In this blog post, we’re going to cover how to boot balenaOS on an SSD for Raspberry Pi 4. This opens up many benefits, including faster load read and write times for not only running the OS on edge devices, but also for application operations.
We will be using a USB3 to SATA converter as a go-between our standard 2.5inch SSD, and your regular RPi4 - as the RPi4 doesn’t ship with a SATA or PCIe port exposed.
Booting your OS from an SSD can yield far faster, snappier results than using an SD card. You’ll get much better read and write speeds and, in many cases, SSDs are just more wear and tear-resistant than SD cards.
Booting from an SSD is also helpful in:
- Edge projects and applications where you want to set up a device and not worry about it for long periods of time
- Projects in environments where there might be power fluctuations that can be harmful to SD card performance and wear-and-tear
- Edge applications and use cases where you need a lot of storage and can leverage savings from upfront investments into SSDs (by the GB, it’s cheaper to use SSD over time)
We’ve heard community members echo similar reasons for wanting to boot balenaOS from an SSD and for more SSD support. Some folks are curious about booting from an SSD, and some want the reliability increase from SSDs.
The quality of the hardware that you choose matters, especially for the main disk drive of your SBC. Similar to how choosing too low-quality of an SD card causes immature failure or performance issues, this is the same even when moving to SSDs.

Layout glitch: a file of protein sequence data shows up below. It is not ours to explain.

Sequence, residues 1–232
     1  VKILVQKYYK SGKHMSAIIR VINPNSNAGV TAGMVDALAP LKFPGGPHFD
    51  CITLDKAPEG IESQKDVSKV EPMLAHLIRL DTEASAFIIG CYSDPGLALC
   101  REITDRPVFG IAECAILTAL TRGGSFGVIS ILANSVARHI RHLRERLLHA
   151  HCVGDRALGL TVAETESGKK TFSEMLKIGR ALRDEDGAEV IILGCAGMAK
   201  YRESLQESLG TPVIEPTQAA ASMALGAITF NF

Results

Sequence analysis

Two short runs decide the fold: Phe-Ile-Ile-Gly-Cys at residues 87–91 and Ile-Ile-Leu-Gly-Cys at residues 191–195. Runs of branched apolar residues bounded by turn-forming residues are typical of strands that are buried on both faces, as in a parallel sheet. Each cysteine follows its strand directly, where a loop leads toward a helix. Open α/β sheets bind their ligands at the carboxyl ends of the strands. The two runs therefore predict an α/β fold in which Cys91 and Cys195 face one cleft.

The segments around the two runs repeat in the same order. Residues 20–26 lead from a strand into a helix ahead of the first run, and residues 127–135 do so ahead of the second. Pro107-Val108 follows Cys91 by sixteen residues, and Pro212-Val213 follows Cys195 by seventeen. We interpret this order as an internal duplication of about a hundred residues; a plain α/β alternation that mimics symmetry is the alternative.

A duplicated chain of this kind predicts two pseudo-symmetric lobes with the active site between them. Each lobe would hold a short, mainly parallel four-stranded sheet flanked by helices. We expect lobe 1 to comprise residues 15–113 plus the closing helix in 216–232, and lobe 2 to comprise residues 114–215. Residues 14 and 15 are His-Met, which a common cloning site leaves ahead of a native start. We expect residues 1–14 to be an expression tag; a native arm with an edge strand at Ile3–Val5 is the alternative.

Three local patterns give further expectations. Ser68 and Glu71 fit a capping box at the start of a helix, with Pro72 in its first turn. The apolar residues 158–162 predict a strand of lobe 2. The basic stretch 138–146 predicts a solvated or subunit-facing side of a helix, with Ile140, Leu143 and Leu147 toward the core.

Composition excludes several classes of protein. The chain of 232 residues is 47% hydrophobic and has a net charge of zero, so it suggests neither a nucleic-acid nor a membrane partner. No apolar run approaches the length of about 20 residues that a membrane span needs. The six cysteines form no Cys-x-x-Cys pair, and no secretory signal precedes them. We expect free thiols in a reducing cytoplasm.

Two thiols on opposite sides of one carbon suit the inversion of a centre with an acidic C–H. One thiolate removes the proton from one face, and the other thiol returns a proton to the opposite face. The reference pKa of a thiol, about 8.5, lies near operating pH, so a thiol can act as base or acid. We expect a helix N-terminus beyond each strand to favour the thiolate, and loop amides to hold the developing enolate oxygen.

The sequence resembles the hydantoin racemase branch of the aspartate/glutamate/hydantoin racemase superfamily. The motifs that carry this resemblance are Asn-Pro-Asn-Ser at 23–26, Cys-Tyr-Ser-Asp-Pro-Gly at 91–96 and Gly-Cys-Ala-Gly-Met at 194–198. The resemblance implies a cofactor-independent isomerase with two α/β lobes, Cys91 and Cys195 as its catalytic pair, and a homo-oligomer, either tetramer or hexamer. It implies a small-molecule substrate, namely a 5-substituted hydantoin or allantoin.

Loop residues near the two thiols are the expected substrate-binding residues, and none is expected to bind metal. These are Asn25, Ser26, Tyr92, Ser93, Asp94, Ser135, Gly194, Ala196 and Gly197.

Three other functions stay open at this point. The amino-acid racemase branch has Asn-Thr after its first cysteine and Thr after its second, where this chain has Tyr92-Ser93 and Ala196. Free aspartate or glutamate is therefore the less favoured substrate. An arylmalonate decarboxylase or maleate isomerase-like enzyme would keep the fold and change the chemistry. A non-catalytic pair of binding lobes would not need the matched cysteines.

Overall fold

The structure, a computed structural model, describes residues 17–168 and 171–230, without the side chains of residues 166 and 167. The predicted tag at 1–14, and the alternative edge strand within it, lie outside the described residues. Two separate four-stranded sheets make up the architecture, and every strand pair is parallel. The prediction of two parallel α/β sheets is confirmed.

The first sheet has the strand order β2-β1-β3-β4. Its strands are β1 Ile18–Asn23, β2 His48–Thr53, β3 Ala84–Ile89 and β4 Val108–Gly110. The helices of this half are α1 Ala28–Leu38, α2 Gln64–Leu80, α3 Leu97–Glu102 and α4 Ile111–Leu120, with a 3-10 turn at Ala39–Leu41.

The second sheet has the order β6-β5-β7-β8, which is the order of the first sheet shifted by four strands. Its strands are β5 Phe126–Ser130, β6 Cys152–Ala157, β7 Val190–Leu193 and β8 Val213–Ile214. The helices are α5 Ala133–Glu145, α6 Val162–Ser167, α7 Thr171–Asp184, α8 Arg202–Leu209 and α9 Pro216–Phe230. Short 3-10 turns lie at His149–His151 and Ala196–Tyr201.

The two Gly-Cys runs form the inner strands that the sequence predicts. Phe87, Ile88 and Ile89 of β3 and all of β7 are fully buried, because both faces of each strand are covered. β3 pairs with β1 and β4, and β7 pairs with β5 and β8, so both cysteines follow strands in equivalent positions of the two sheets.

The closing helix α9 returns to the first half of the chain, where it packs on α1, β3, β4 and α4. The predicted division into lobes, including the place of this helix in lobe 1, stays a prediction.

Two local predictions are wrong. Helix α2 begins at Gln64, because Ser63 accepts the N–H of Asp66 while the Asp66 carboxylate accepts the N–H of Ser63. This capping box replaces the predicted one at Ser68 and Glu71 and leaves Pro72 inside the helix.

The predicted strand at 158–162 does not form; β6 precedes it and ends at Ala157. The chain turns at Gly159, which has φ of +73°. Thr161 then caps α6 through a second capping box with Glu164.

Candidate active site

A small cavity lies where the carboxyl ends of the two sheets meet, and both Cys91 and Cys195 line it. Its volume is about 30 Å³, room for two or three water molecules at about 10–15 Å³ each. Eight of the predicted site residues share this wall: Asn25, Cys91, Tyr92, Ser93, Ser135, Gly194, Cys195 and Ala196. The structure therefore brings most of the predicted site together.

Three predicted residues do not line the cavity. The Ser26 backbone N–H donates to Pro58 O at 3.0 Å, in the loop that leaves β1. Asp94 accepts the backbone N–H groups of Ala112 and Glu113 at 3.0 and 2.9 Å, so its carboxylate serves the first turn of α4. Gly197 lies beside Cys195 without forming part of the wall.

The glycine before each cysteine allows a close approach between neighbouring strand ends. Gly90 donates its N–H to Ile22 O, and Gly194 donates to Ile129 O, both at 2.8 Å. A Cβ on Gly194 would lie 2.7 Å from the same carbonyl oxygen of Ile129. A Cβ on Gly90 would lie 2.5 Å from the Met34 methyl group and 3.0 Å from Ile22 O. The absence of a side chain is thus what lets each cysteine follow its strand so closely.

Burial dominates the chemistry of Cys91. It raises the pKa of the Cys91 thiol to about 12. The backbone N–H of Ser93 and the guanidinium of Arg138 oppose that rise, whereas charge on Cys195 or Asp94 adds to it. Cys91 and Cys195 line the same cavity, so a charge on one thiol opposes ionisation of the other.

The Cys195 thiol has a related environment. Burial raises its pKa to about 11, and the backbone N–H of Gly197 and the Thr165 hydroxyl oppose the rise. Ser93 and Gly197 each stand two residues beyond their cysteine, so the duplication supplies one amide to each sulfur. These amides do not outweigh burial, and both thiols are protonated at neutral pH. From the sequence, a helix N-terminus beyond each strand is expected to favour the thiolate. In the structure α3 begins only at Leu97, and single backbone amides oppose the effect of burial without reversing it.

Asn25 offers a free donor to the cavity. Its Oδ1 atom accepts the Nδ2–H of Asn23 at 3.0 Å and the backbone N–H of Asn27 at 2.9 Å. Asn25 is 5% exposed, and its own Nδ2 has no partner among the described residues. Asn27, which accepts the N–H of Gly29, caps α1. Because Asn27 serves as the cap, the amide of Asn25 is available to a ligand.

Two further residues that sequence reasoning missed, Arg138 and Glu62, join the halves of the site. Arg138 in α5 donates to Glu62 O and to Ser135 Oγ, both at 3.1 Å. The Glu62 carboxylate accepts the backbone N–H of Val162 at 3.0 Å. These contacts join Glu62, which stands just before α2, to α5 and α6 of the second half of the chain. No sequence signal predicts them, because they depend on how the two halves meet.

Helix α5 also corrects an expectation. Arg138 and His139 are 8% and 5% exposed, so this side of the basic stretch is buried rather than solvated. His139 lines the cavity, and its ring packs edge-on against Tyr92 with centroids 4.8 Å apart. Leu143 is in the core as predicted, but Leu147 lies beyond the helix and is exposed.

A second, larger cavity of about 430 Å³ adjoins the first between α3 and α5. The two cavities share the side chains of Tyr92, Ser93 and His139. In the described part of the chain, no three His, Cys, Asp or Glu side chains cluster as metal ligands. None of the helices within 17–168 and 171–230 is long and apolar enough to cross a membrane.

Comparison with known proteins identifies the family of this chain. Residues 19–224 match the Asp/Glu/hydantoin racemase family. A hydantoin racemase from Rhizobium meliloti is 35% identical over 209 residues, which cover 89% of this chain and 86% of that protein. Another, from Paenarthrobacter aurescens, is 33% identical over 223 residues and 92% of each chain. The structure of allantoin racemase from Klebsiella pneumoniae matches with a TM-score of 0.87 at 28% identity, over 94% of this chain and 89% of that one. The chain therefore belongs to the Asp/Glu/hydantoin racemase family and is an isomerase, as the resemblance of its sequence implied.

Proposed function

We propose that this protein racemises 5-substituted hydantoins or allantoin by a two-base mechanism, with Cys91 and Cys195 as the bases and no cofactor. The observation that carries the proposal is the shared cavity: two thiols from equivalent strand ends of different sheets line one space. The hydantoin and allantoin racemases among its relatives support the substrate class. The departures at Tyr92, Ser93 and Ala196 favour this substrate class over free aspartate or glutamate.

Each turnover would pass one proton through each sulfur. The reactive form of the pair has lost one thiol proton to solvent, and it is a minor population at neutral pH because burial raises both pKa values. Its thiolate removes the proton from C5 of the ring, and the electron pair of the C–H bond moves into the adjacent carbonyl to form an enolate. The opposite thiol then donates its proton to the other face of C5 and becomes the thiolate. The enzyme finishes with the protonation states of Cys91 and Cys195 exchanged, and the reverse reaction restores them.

From an at-scale, industrial perspective, poor choices in picking the medium can be expensive. For example Tesla has to recall cars because they used eMMC that can’t be easily replaced.
For testing and prototyping, choosing something convenient (by price or ease of access) is fine to get a better understanding of how this works. However, please consider SSDs with a good track record for industrial use before putting SSDs to work in the field in your IoT fleet.
Yes, you should care!
When you search for USB3 to SATA cables on Amazon or any similar site, you are going to find some that support UASP, and some that don’t. Make sure that you pick one that has UASP. It should be mentioned in the description, but another way to tell if UASP is supported is by looking at the chipset that is involved. For example, ASM 1153e is the most popular chipset used in such converters that supports UASP.
Read this article to learn more about the importance and performance benefits of UASP.
You’ll need the following to use this guide.
A Raspberry Pi 4 (for the best performance and results)
A SD card for one of the steps to prepare your device to recognize an SSD (e.g. SanDisk Extreme Pro)
A USB to SSD converter based on the ASM 1153e chipset (like this one, or similarly accessible in your region)
An SSD, options are many, and include:
Crucial BX500 120GB (I’m testing this-- value for money)
Samsung EVO series (supposed to have epic performance)
Flash Raspberry Pi OS Lite on an SD card using balenaEtcher
- Head over to raspberrypi.org, and make sure to download the Raspberry Pi OS Lite. We don’t necessarily need the lite version, but we only need it as a stop gap measure so we are optimizing for quick download
- Enable ssh, in case you don’t have a spare screen and keyboard handy.